Cinema owners in the western Indian state of Maharashtra, the heart of the Bollywood film industry, have delayed a strike called to protest against a high entertainment tax on tickets, steep electricity costs and other municipal taxes.
The 1,000 or so exhibitors had planned to put up the “sorry, closed” signs from today (Friday) but decided to delay the action for three months after a meeting with the state’s leader.
“The chief minister, Sushil Kumar Shinde, gave an assurance that his government would try to resolve our issues within 90 days,” said Nester D’Souza, president of Cinematograph Exhibitors Assn. of India.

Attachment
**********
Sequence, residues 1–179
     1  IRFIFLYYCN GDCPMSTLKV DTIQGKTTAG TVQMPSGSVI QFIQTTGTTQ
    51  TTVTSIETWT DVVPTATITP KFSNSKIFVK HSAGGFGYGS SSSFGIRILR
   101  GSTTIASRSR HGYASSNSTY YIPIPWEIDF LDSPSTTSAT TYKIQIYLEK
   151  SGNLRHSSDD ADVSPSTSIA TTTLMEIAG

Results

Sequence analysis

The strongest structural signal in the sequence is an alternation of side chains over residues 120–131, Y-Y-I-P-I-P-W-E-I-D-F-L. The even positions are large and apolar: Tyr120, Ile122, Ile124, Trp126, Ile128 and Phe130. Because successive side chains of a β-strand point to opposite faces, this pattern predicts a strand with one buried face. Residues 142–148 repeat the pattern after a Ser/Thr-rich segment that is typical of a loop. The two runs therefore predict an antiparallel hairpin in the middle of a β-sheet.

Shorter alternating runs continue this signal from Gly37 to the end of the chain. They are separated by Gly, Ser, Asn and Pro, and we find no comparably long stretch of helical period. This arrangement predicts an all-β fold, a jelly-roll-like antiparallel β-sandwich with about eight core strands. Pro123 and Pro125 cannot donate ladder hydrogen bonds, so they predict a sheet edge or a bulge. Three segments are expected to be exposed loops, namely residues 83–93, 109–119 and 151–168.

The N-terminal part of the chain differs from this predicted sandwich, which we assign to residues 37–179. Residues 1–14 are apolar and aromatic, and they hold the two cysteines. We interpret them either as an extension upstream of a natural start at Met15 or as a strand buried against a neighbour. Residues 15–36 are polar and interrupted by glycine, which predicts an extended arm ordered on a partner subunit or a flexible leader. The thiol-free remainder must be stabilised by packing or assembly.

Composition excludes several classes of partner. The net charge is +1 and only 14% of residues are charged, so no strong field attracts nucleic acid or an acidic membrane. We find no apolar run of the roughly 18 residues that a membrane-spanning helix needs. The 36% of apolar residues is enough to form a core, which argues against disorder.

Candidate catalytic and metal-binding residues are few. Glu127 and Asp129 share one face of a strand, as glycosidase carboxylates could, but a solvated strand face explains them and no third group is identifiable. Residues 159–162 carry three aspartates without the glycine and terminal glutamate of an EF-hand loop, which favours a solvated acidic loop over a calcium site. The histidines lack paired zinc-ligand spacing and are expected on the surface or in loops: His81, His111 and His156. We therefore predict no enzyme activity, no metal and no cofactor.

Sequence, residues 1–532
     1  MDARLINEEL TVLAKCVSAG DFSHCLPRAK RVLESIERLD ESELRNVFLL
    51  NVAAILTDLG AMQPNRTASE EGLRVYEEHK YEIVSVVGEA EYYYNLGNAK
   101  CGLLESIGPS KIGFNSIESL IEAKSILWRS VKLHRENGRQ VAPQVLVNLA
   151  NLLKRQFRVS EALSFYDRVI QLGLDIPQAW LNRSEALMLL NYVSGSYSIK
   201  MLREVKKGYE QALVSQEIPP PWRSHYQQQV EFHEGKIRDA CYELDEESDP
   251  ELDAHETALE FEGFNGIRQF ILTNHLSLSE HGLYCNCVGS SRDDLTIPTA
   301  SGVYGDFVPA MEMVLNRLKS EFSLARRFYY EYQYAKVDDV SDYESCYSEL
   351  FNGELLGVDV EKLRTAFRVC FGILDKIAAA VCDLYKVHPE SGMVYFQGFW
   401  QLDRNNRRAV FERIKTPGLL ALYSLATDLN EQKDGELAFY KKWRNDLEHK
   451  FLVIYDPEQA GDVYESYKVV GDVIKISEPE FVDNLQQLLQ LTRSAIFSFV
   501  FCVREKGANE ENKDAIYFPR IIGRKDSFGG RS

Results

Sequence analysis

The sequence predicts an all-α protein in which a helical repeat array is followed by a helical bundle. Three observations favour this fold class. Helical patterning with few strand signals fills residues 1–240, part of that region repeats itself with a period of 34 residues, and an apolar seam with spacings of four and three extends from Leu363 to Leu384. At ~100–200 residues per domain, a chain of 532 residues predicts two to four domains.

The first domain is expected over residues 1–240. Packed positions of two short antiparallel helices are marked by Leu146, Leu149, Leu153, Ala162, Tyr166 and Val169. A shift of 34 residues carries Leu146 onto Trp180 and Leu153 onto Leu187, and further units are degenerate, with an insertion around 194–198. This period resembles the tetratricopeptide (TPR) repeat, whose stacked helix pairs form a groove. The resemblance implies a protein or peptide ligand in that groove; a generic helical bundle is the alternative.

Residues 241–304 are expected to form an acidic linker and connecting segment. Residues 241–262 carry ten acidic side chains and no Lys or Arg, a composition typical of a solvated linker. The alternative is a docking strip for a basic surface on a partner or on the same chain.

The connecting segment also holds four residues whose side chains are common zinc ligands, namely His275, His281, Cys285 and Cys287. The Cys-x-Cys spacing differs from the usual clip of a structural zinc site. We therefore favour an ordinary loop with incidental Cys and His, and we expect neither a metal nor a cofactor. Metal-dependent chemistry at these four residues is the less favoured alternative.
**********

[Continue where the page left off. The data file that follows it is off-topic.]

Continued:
Maharashtra charges a 60% entertainment tax, the highest in India where most states impose around 25%-30%. The strike would have hurt Bollywood because about 30% of its turnover comes in May and June, the peak holiday season.
“The chief minister had a very positive attitude,” said R V Vidhani of the Theater Owners’ Assn. “He has agreed that our demand of a reduction in entertainment tax from 60% to 30% was justified. He has also promised to look into the matter of Municipal taxes being charged on box office collections.”
Among the crop of pics set to bow Friday were Amitabh Bachchan’s hospital drama “Armaan” (Aspiration) and the long-held-up Raveena Tandon production “Stumped.”